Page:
Strawberry plants are relatively small compared to other berries, but they certainly punch above their weight in terms of productivity. Strawberries generally have two main productivity patches. One in early summer and one in autumn. Essentially, they produce just before and just after the summer Blueberry glut.
A household with 5 people, will need around 20 to 25 plants, to get a decent harvest throughout summer and autumn. This summer we picked over 30kg of strawberries from a single 17 metre long row of plants (about 54 plants in total).
Different varieties fruit at different times. You can get varieties that fruit as early as October and as late as May. Planting different varieties (such as a combination of Adina, Lowanna, Red Gauntlet and Tioga) ensure continuous harvest over a long period.
Preparation and Planting of Strawberries
Strawberries can “reproduce” either through seeds or from runners. Although most commercial varieties don’t produce viable seeds. Strawberry runners are horizontal stems that run above the ground and produce new “baby” clone plants at the end of the long horizontal stem. These baby plants (which are a genetic copy of the mother plant), set roots and grow into the ground surrounding the mother plant.
Runners are a more reliable and preferred method for establishing strawberries in your garden. Check out our guide to planting strawberry runners for more information.
You can also buy potted strawberry plants to plant into your garden. Although this option is only suitable for those wanting to grow a couple of plants. It is far more economical to buy and plant strawberry runners.
Where to Plant Strawberries?
Strawberries have two main requirements when considering planting locations:
- a sunny spot
- good drainage
You can grow them in garden beds, pots, hanging baskets. Their small size makes them very popular in vertical gardening, which has the added benefit of keeping the fruit off the ground, away from dirt and slugs. Strawberries need plenty of water over the summer months, so make sure you put them in a spot that is easy to water.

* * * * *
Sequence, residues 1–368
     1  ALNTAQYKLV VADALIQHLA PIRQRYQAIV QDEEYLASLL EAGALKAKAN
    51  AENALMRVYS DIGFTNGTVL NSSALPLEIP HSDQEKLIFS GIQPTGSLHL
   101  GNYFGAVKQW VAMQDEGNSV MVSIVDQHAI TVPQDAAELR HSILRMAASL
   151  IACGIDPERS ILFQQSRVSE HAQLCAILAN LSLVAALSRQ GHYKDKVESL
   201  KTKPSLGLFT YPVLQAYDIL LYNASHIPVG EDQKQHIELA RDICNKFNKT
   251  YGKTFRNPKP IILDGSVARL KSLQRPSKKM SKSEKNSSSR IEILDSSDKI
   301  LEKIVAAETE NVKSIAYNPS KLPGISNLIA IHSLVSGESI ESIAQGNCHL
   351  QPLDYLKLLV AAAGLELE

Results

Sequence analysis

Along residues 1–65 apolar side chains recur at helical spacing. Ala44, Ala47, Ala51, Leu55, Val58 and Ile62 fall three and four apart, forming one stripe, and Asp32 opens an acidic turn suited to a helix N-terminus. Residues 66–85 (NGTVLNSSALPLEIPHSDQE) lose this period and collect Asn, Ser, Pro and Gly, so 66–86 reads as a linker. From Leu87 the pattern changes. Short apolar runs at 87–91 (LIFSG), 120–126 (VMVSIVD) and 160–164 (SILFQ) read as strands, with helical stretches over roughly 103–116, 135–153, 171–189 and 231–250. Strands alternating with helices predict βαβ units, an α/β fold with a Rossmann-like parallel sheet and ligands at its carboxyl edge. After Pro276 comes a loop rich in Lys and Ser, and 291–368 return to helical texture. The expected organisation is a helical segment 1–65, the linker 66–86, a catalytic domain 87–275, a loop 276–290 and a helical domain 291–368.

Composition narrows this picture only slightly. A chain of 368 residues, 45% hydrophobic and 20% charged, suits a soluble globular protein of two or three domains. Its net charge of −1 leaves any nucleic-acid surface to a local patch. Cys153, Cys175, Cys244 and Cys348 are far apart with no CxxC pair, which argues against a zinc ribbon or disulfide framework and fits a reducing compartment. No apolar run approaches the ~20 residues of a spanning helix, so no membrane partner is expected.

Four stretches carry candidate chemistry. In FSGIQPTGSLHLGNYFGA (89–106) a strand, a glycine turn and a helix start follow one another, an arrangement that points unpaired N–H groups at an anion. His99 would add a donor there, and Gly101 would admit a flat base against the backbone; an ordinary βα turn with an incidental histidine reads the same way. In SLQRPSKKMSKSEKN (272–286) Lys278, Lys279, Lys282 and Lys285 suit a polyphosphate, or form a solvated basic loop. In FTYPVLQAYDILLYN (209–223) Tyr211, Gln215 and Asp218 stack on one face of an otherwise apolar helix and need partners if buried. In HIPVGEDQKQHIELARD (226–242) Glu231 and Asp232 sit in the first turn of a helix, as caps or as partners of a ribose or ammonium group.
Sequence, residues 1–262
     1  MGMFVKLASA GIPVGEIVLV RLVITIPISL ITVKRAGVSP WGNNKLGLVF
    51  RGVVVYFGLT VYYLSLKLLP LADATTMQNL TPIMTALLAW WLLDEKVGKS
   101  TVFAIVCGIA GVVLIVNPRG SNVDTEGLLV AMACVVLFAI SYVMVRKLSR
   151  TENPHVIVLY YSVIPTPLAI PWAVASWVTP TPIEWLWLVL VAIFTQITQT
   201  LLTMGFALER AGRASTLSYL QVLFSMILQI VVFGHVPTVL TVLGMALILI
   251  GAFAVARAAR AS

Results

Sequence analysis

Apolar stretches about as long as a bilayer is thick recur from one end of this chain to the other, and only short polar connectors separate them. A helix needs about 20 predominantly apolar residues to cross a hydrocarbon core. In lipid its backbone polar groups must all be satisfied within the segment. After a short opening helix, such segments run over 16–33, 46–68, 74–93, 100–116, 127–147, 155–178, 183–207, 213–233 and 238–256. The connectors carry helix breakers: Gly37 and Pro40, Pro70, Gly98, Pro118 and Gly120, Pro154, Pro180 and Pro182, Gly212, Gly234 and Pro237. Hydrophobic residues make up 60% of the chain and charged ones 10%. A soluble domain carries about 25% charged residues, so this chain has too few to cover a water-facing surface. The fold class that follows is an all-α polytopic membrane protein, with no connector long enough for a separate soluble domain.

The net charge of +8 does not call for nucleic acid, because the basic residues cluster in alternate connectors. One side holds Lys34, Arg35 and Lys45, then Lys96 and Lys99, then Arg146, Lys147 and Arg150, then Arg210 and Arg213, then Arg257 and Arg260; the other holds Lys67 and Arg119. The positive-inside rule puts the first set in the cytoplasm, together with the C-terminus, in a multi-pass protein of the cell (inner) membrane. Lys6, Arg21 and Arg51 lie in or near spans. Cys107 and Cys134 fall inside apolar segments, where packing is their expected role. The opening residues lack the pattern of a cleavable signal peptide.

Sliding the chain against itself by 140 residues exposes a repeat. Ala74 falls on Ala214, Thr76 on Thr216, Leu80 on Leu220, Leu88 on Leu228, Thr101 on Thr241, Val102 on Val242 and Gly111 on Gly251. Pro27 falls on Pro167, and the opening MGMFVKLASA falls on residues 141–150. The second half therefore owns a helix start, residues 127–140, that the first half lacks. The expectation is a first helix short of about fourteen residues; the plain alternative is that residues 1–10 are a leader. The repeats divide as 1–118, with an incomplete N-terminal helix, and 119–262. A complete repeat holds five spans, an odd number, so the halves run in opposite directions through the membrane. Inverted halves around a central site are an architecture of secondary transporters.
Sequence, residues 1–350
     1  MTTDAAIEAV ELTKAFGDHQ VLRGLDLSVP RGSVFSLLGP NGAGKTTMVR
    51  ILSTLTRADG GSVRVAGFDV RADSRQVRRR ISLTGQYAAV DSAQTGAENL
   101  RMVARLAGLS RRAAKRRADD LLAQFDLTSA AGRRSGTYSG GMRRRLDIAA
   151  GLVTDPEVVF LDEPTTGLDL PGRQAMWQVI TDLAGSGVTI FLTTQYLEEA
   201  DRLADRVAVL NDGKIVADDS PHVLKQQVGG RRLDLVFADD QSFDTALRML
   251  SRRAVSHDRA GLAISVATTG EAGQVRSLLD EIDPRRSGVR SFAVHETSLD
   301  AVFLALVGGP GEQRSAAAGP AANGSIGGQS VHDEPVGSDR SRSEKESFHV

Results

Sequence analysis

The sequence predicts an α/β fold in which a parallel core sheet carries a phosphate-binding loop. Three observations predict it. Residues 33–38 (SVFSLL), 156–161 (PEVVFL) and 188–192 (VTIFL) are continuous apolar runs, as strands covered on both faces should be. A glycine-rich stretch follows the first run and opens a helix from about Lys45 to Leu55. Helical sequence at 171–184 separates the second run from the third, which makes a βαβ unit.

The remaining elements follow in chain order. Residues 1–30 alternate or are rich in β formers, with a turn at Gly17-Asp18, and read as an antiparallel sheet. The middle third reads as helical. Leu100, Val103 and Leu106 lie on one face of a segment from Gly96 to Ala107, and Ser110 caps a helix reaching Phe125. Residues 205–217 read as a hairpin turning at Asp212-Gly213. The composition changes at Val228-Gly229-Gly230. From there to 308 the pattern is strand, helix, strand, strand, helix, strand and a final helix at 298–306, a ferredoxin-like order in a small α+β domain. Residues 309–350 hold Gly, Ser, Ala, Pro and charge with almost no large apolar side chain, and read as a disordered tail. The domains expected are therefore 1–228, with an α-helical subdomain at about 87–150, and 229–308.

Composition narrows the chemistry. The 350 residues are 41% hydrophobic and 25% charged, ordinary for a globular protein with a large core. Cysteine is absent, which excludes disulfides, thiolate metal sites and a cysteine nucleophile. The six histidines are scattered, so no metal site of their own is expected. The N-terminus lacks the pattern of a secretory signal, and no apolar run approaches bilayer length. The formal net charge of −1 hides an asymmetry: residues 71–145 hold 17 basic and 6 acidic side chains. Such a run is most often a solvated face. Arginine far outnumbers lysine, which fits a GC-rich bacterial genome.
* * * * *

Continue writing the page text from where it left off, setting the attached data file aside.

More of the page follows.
At the time of planting, you can work through some well composted manure (chicken manure is a good idea) or some compost. Alternatively, you can apply it as a top dressing soon after planting. A sprinkle of blood and bone, (with added potash) will help them thrive. Make sure that you use a quality potting mix if growing them in pots. Keep the soil moist (but not too wet in the cooler months) then increase watering as the days warm up in the spring.
Maintenance and Watering of Strawberry Plants
Once the plants have become established and the weather starts to warm up, some pea straw or similar mulch around the plants is a good idea. This helps to keep the fruit off the soil so it stays clean and helps ward off slugs and snails, that will target your fruit. As the fruit begins to develop, you’ll really need to keep those slugs and snails under control. Birds might also need to be kept at bay with some netting or mesh.
I have also tried using weed mat to suppress weeds and keep the fruit off the soil. This has been relatively successful. Sometimes using wood chips or straw can harbour slugs that come out during rainfall events to attack ripening fruit.
Try to avoid getting water on the leaves of your strawberry plants. To help reduce fungal diseases use drip irrigation or direct the hose onto the soil surface rather than the leaves.
Odd shaped or deformed strawberries are often a result of poor pollination. Bee attracting flowering plants like borage make great companion plants around the edges of your strawberry patch.
Propagating Your Own Strawberry Plants
Originally grown from runners, the strawberry reproductive cycle will continue with your plants and they will also produce runners. We recommend cutting off any runners that appear to encourage more fruit and a bigger harvest. Although you can easily propagate more plants from these runners to extend your productive patch or share with friends and family.
a) Find a loose strawberry runner. Some varieties of strawberries are more prone to generating runners than others.
b) Pin the loose strawberry runner so that the base is in contact with soil or potting mix.
c) Over time the strawberry runner will develop a root system strong enough to support the new plant. At this stage it can be separated from the mother plant by cutting the runner.
Alpine strawberries are more like the original wild type of strawberry. They tend to tolerate heavy shade. The fruit tends to be quite small and soft so you will never find them in the supermarket. However, the flavour of alpine strawberries is far superior to the larger commercial varieties. Another bonus of the alpine strawberry is that they can be grown from seed (and often spread by self-sowing). White varieties are often left alone by birds. Alpine strawberries are a great addition to the understory of edible forest gardens and children’s gardens.
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